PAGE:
• Deploy different versions of the same application side by side, each independently upgradable.
  • Manage the lifecycle of your stateful applications without any downtime, including breaking and nonbreaking upgrades.
  • Manage applications using .NET APIs, PowerShell, or REST interfaces.
  • Upgrade and patch microservices within applications independently.
  • Monitor and diagnose the health of your applications and set policies for performing automatic repairs.
  • Scale up or scale down your Service Fabric cluster easily, knowing that the applications scale according to available resources.
  • Watch the self-healing resource balancer orchestrate the redistribution of applications across the Service Fabric cluster to recover from failures and optimize the distribution of load based on available resources.


Azure LogoTwo ways to go with Azure Services Fabric

The first one is using a set of services as a platform to take care of deployments, upgrades, detecting and restarting failed services, discovery of where services currently are running, state management, health monitoring, etc. These services are in fact microservices.

The second approach is through programming APIs and frameworks that allow the developer build applications as microservices. You can get more information about this model here (https://azure.microsoft.com/en-us/documentation/articles/service-fabric-choose-framework/)


Are Microservices the silver bullet for all your problems?

Well, the answer is no. As any other approach, this has pros and cons to take in consideration when defining the architecture to use.



  • Scalable
  • Network latency increased by the messages interchange.
  • Reduce deployment costs
  • Deployment and testing complexity increase exponentially based on the number of interaction between services.
  • Can be developed by a small team.
  • Too fine grained microservices may create an overhead that outweighs its utility.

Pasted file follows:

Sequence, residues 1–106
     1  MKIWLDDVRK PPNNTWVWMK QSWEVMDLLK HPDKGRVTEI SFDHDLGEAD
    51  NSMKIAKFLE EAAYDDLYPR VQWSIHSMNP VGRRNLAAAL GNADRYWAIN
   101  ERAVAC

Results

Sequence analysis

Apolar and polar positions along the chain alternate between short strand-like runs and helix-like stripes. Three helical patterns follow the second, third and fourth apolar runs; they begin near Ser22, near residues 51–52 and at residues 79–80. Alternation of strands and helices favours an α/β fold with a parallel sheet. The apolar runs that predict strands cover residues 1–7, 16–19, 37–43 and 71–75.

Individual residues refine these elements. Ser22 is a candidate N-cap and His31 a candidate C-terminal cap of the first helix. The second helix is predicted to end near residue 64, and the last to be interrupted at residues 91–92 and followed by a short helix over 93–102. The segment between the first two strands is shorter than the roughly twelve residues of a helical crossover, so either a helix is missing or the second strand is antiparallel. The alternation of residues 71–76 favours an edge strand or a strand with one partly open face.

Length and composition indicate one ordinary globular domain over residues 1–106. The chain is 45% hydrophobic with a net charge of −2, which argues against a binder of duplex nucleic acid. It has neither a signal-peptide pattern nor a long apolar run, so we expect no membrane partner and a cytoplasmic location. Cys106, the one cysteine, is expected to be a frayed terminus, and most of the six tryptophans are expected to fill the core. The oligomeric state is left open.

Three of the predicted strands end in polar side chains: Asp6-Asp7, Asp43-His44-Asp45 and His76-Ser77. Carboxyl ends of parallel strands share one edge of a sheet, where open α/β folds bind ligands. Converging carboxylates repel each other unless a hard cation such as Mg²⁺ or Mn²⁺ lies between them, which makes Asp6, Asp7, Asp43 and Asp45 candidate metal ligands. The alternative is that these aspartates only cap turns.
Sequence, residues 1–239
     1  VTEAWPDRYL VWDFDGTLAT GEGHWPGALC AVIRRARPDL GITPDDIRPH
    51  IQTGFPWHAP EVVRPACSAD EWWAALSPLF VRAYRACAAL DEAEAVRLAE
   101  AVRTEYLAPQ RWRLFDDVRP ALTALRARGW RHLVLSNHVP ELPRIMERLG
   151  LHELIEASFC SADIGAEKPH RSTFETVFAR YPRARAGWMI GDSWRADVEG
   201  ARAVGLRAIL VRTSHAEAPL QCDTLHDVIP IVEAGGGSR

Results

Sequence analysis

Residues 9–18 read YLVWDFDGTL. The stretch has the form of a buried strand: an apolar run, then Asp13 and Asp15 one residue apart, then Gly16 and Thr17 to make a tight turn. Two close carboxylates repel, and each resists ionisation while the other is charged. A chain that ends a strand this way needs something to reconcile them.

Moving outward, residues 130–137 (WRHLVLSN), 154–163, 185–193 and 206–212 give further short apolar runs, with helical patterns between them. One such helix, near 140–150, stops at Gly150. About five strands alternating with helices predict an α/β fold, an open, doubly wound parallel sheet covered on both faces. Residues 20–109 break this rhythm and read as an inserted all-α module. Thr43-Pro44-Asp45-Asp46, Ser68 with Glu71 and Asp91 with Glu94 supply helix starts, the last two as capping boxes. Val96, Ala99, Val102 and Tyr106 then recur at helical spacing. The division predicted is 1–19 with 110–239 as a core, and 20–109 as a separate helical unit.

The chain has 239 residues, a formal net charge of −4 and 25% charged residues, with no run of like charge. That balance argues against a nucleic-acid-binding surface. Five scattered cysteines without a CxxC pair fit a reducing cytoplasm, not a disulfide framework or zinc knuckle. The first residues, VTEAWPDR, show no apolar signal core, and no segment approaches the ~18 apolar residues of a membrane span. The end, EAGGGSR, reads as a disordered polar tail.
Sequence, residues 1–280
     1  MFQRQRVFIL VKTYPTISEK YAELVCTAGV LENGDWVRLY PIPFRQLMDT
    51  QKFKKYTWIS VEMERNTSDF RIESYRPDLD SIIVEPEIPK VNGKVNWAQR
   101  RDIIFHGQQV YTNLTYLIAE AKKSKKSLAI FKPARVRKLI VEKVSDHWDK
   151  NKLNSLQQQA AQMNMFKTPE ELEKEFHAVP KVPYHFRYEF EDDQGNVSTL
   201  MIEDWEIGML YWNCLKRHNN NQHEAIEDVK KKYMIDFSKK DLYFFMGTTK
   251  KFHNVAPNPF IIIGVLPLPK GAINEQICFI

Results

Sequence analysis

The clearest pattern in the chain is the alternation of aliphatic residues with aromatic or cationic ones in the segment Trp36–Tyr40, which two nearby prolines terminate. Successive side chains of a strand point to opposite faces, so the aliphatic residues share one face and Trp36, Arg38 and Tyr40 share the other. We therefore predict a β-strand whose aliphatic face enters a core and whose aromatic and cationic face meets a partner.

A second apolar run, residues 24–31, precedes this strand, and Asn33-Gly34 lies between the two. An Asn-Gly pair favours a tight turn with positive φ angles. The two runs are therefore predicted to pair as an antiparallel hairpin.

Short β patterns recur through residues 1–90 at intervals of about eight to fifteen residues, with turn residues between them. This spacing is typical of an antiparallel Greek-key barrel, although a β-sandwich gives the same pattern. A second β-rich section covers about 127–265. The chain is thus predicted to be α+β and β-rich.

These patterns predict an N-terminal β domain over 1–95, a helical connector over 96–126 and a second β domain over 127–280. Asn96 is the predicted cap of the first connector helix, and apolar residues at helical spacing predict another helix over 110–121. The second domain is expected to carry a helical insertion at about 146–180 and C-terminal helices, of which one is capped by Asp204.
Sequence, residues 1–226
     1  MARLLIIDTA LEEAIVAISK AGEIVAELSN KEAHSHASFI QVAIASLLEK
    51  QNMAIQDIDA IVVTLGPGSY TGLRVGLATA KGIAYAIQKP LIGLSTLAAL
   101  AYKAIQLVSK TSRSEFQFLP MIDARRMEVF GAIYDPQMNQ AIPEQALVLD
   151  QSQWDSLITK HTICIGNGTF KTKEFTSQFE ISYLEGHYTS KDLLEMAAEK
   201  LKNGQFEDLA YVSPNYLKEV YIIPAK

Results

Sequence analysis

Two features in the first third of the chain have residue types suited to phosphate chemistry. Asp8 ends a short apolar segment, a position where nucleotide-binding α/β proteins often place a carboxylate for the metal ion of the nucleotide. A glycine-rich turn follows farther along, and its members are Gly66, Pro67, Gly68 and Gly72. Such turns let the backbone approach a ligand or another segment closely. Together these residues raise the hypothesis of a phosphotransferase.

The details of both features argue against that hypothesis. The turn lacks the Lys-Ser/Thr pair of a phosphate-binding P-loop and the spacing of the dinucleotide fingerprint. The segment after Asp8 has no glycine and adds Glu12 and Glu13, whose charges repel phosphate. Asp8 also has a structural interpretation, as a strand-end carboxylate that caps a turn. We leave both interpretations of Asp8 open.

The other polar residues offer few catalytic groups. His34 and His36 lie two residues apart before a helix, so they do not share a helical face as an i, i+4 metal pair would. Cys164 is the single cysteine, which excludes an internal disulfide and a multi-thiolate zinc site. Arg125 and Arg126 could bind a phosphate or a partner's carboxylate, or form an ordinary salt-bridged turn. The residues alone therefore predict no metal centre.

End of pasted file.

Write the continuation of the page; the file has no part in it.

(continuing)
• Team only has to be aware of the business logic that represents the service and its interactions.
  • Message formats, restrictions, and interactions knowledge is needed.
  • Continuous deployment.
  • Must pay lot of attention in versioning because of the interaction with older version of other services.
  • Use the technology you prefer to create it.
  • Transactional operations that goes through the boundaries of many microservices increase the logic complexity.


When should I use Microsoft Microservices?

  • You are planning to create an application in the cloud, and you need scalability, high availability, geo-replication.
  • You want to create an application that will change in the near future based on the business needs, for example using Lean Startup technics for your site.
  • You want to reduce your system maintenance costs by moving it to the cloud.
  • You have distributed teams working on the development of your system.


At Art2Link we have being working on Mircoservices solutions using Microsoft Azure and Service Fabric technologies.

If you want to know more about this approach, stay tuned for our next post about Microservices in Azure or contact us and one of our experts will help you to get started.